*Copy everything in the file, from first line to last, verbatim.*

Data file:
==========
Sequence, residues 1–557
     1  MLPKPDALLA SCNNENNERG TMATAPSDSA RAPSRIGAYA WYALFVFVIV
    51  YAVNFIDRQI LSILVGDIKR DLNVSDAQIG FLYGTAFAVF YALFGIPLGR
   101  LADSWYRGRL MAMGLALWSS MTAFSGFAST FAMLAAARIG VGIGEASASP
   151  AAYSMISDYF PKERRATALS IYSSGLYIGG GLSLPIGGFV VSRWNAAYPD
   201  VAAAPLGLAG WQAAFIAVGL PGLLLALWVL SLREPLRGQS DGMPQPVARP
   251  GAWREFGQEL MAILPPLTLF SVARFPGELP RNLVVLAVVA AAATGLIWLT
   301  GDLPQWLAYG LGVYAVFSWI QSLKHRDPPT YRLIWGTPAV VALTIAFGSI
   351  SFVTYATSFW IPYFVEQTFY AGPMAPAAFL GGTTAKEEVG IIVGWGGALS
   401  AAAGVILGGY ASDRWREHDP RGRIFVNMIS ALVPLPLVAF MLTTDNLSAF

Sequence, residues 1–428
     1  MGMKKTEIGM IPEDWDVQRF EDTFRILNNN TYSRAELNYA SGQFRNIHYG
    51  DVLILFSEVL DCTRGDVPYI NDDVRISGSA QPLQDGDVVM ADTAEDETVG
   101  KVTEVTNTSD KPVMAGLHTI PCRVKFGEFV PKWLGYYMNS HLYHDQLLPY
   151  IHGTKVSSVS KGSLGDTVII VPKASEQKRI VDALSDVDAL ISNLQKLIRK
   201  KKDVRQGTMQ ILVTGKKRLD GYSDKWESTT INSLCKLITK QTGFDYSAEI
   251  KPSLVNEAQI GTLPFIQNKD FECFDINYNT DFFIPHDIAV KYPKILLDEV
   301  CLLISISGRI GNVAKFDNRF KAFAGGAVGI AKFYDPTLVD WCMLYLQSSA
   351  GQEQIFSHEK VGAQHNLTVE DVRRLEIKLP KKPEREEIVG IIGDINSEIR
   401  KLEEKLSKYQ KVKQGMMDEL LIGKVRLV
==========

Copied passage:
Sequence, residues 1–557
     1  MLPKPDALLA SCNNENNERG TMATAPSDSA RAPSRIGAYA WYALFVFVIV
    51  YAVNFIDRQI LSILVGDIKR DLNVSDAQIG FLYGTAFAVF YALFGIPLGR
   101  LADSWYRGRL MAMGLALWSS MTAFSGFAST FAMLAAARIG VGIGEASASP
   151  AAYSMISDYF PKERRATALS IYSSGLYIGG GLSLPIGGFV VSRWNAAYPD
   201  VAAAPLGLAG WQAAFIAVGL PGLLLALWVL SLREPLRGQS DGMPQPVARP
   251  GAWREFGQEL MAILPPLTLF SVARFPGELP RNLVVLAVVA AAATGLIWLT
   301  GDLPQWLAYG LGVYAVFSWI QSLKHRDPPT YRLIWGTPAV VALTIAFGSI
   351  SFVTYATSFW IPYFVEQTFY AGPMAPAAFL GGTTAKEEVG IIVGWGGALS
   401  AAAGVILGGY ASDRWREHDP RGRIFVNMIS ALVPLPLVAF MLTTDNLSAF

Sequence, residues 1–428
     1  MGMKKTEIGM IPEDWDVQRF EDTFRILNNN TYSRAELNYA SGQFRNIHYG
    51  DVLILFSEVL DCTRGDVPYI NDDVRISGSA QPLQDGDVVM ADTAEDETVG
   101  KVTEVTNTSD KPVMAGLHTI PCRVKFGEFV PKWLGYYMNS HLYHDQLLPY
   151  IHGTKVSSVS KGSLGDTVII VPKASEQKRI VDALSDVDAL ISNLQKLIRK
   201  KKDVRQGTMQ ILVTGKKRLD GYSDKWESTT INSLCKLITK QTGFDYSAEI
   251  KPSLVNEAQI GTLPFIQNKD FECFDINYNT DFFIPHDIAV KYPKILLDEV
   301  CLLISISGRI GNVAKFDNRF KAFAGGAVGI AKFYDPTLVD WCMLYLQSSA
   351  GQEQIFSHEK VGAQHNLTVE DVRRLEIKLP KKPEREEIVG IIGDINSEIR
   401  KLEEKLSKYQ KVKQGMMDEL LIGKVRLV